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Water Leaks: From Report to Repair

Post Date:02/19/2016 3:00 PM

Maintenance of over 1,400 miles of underground water pipes can be quite a challenge, and aging infrastructure for this now 90-year old water district is a big part of that challenge.Safety Cone Orange with Notice that EID is Aware of Leak and has Scheduled  Repair

When a water leak or break occurs, the sooner we know about it the better. EID encourages our customers, or anyone in the county who may see a water leak, to report it to us as soon as possible. With over 220 square miles of service area to cover it’s good to have the citizens’ help.

So, what happens when you report a leak? What is the process and how long will it take to repair?

When a concerned citizen calls in or makes a leak report on our website, EID staff dispatchers first determine if the leak is in our service area. If it is, then dispatch notifies a water distribution operator who schedules a site visit. Very large breaks that create, or have the potential to create, large outages are treated as emergencies and crews are sent to the site immediately.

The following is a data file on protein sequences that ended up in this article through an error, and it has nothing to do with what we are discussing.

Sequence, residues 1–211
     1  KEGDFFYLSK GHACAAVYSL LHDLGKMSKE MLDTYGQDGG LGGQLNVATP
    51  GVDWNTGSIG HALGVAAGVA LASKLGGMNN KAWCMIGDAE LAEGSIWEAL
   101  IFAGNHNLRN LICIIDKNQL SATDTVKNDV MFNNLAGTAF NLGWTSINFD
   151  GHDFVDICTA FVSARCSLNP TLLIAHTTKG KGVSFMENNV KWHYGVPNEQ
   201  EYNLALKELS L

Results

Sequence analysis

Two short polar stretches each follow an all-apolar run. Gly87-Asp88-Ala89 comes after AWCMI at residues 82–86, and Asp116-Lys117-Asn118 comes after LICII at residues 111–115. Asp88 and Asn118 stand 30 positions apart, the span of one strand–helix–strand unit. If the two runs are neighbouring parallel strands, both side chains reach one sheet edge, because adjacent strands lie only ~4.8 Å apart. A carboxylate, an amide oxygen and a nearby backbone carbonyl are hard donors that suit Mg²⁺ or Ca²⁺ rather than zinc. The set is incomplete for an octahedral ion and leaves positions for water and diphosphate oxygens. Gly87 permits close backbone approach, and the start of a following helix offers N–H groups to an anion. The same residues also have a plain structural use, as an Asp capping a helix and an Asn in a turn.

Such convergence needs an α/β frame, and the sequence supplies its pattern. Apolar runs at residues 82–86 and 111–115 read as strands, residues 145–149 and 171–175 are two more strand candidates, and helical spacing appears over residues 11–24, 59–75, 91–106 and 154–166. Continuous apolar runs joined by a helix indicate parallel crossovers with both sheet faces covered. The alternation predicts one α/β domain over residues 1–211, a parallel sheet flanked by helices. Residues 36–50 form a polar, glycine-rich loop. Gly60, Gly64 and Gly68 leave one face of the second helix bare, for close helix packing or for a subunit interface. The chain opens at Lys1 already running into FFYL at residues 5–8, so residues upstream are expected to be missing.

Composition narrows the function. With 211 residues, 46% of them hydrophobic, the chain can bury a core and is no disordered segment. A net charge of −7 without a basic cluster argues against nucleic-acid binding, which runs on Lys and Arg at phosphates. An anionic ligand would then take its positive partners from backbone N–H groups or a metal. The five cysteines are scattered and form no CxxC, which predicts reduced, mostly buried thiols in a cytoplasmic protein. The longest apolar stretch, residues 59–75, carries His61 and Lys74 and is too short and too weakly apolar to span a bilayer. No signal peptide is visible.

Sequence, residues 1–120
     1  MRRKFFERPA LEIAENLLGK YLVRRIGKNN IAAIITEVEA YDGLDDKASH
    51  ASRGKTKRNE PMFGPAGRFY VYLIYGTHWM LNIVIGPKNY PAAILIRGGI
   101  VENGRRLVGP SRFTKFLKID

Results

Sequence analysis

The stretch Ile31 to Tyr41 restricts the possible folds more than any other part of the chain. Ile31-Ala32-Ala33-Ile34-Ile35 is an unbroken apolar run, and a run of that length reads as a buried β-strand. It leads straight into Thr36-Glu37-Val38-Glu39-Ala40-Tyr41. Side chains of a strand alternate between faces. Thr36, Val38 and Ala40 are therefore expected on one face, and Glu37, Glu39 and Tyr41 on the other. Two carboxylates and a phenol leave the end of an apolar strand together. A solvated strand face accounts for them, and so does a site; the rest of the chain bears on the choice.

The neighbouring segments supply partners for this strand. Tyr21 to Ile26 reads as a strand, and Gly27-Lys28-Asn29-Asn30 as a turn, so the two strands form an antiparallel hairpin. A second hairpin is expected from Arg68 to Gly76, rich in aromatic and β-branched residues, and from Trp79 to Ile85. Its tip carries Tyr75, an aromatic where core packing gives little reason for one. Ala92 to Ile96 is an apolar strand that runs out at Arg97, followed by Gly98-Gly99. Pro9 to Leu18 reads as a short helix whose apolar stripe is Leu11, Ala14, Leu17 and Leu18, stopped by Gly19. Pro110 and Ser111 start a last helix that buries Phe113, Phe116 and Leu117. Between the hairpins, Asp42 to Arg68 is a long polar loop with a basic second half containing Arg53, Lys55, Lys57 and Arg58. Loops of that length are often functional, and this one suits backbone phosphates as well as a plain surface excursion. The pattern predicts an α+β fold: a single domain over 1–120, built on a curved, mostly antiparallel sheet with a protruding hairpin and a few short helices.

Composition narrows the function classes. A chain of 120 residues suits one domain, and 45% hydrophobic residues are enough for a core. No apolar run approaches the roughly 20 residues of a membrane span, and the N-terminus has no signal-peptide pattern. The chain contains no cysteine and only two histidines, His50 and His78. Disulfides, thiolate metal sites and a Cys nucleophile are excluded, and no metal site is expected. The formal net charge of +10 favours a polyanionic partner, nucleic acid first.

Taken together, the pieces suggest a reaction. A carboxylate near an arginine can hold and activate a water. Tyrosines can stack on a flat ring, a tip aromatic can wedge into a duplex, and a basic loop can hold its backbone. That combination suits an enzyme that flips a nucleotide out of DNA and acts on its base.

Once the operator evaluates the leak and determines that the repair is EID’s responsibility, the excavation area is marked with white paint. EID staff then calls USA North to initiate an underground service alert (USA). The USA is required by law to be completed before excavation so that other underground utilities like cable, gas, or power lines can be marked and safe excavation can begin. The USA process allows utilities two working days to respond and mark their utilities in the marked area of proposed excavation.

The distribution operator also reports their findings to dispatch where work orders are generated then forwarded to the construction supervisor who prioritizes the work. Prioritization is very important, because we have such a vast and complex service area and limited construction staff. Routine leak repairs are normally completed within two weeks.

To report leaks you can call 530-642-4000 or visit our website at www.eid.org/ReportWaterLeak.

The article was featured in the January / February 2016 issue of The Waterfront.

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